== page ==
News release: Springtime Care of Forsythia

Tim Baker, MU Extension Horticulture Specialist
102 N. Main, Suite 1, Gallatin, MO 64640

Release date: April 18, 2013

Title: Sprintime Care of Forsythia

One of the most colorful springtime flowering shrubs is forsythia.  Profusely covered with bright yellow flowers in early spring, these woody plants are popular and easy to grow.  They come in many forms, including dwarf and standard varieties.  But like any plant, proper care will produce better results when they bloom.

If you are planting forsythia, choose a site in full sun if possible.  Forsythia will tolerate most soils, but avoid heavy, poorly-drained soils.  Be sure to allow plenty of room for future growth.  A spacing of 5 to 7 feet apart is recommended, and at a minimum of 3 to 4 feet from structures.  After planting, a little mulch is good for moisture conservation.  Don't overwater, but make sure they don't dry out either.

As the plant grows through the years, you will soon see that forsythia needs annual pruning to keep it attractive.  The critical point to remember about forsythia is that it forms its flower buds on the new summer's growth.  The following spring, those buds will flower.

Because of its flowering habit, timing your pruning is critical.  If you wait until fall or winter to prune, like you do with many species, you will be removing flower buds and will have a less attractive bloom, with fewer flowers.  The best time to prune is right after the forsythia has finished blooming, in the spring.  That way, the new growth will start forming those all-important flower buds, while you have controlled the shape and size of the plant.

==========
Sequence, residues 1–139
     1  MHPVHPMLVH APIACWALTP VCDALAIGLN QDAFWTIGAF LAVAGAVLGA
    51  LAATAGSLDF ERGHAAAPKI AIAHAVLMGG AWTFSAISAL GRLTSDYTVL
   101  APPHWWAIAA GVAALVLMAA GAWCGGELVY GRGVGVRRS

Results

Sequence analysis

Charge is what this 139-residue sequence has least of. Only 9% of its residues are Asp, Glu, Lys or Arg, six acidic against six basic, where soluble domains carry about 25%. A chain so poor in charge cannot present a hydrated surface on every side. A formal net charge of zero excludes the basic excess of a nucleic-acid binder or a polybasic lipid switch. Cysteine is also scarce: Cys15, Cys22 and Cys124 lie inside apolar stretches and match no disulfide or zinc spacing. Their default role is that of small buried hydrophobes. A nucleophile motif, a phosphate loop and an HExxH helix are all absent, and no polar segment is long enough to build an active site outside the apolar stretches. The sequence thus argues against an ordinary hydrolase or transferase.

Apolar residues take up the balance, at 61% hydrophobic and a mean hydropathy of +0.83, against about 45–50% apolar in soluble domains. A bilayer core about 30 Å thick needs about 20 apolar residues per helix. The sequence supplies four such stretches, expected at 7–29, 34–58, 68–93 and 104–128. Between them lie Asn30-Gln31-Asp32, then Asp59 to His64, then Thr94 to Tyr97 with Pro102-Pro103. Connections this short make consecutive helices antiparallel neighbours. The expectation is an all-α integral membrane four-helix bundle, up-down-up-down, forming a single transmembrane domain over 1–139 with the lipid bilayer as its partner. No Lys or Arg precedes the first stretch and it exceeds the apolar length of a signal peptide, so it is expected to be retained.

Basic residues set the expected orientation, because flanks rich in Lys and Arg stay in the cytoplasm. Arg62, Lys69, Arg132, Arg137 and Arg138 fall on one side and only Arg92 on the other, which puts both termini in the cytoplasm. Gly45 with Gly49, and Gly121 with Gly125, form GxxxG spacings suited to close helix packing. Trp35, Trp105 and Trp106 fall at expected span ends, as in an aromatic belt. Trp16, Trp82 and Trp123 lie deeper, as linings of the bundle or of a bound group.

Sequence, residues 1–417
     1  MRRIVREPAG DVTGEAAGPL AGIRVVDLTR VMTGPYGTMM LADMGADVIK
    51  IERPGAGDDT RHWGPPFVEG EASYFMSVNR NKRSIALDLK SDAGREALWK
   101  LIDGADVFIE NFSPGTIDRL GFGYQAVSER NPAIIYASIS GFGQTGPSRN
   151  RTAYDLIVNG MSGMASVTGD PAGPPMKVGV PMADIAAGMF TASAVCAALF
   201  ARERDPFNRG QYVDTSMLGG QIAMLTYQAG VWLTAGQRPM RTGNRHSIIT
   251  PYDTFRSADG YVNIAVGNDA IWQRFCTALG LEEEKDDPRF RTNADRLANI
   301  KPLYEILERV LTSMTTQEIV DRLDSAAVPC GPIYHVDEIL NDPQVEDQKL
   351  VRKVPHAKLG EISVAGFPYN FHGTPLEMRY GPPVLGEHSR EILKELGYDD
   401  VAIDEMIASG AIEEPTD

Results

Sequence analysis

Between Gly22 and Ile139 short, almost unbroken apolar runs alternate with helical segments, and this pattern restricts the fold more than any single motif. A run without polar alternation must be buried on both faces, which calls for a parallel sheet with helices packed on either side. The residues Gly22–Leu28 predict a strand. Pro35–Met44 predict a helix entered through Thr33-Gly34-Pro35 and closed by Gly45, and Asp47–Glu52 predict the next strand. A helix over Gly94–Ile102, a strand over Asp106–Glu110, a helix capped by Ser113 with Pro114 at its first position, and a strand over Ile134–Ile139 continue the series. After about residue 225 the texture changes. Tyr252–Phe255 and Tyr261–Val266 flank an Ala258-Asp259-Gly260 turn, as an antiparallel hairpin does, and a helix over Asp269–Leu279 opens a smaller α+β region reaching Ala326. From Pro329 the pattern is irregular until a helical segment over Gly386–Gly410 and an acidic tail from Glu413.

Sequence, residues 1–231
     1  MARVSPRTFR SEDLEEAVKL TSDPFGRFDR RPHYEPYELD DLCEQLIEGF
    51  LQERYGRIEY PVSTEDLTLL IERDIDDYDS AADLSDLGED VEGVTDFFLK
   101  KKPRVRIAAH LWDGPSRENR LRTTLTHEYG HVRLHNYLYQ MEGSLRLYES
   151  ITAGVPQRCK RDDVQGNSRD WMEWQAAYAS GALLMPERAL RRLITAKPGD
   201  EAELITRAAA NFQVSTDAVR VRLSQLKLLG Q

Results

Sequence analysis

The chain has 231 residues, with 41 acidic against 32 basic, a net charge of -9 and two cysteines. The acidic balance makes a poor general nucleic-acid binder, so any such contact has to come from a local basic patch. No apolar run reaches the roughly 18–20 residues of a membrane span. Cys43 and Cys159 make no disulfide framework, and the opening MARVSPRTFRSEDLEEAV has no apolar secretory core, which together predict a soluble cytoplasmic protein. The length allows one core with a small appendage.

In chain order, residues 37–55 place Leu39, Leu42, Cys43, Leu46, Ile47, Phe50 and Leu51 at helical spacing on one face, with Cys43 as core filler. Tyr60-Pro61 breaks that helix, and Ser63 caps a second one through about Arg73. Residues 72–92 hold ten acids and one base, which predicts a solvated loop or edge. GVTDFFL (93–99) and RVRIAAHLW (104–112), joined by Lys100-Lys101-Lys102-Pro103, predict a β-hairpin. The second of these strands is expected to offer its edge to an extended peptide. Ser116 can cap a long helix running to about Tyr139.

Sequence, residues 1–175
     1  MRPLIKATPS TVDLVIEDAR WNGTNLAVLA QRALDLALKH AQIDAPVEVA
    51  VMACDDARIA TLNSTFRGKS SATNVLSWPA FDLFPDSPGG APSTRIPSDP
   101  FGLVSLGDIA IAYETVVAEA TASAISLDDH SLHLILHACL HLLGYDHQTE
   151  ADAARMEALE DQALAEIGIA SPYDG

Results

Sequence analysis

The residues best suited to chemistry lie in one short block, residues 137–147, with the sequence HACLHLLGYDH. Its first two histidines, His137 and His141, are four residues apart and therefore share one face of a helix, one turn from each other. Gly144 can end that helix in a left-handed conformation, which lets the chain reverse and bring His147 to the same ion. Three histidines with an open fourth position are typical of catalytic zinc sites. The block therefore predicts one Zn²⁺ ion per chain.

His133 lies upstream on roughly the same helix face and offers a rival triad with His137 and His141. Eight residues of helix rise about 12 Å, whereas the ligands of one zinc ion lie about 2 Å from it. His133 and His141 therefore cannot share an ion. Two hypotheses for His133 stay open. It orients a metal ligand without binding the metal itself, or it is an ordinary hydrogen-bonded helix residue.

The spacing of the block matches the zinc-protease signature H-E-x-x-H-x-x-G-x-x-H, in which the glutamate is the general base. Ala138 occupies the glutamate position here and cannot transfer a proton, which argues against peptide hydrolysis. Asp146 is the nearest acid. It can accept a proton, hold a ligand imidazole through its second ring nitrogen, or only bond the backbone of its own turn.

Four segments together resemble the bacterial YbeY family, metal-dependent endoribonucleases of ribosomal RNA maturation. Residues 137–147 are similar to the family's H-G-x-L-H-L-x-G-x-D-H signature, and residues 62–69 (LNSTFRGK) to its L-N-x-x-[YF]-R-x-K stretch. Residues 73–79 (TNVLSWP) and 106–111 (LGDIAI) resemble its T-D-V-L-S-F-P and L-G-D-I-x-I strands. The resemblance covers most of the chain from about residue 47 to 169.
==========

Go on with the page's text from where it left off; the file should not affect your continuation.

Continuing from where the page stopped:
When you are pruning, keep an eye out for old, weak, or diseased wood.  This should be removed, if possible.  Branches which are particularly bad should be cut back to the ground.  If the plant is otherwise healthy, this will produce new, vigorous growth.

If you enjoy propagating plants, you can use softwood cuttings of forsythia to produce new plants.  Softwood cuttings are taken in May through late June from current season's (new) growth.  The cuttings are taken when the wood is flexible, but mature enough to snap if bent sharply.

New cuttings should be cut with a sharp knife.  They should be from 4 to 6 inches long.  Take your cuttings on the plant just below the point where leaves are attached to the stem (a node).  Before placing in the rooting media, it helps to use a rooting compound to encourage root growth.

Rooting media should be well drained.  A good choice is coarse sand, perlite, or vermiculite.  Make a hole with your finger about two inches deep, and place the cutting in it, taking care to not brush off the rooting compound.  Firm up the media to the cutting, and water well.  Be sure to check often to make sure the media does not dry out, since the cutting does not have any roots yet, and will need plenty of water.  Roots should develop within 6 to 8 weeks.  After sufficient roots have developed, harden them off before transplanting by decreasing the water supply.  Don't let them dry out, but stress them a little.

After hardening them off, place them into individual pots using a good potting mix.  In a few weeks, they will be ready to transplant outdoors.  Some people prefer to plant them in a temporary nursery setting before placing them in their permanent location.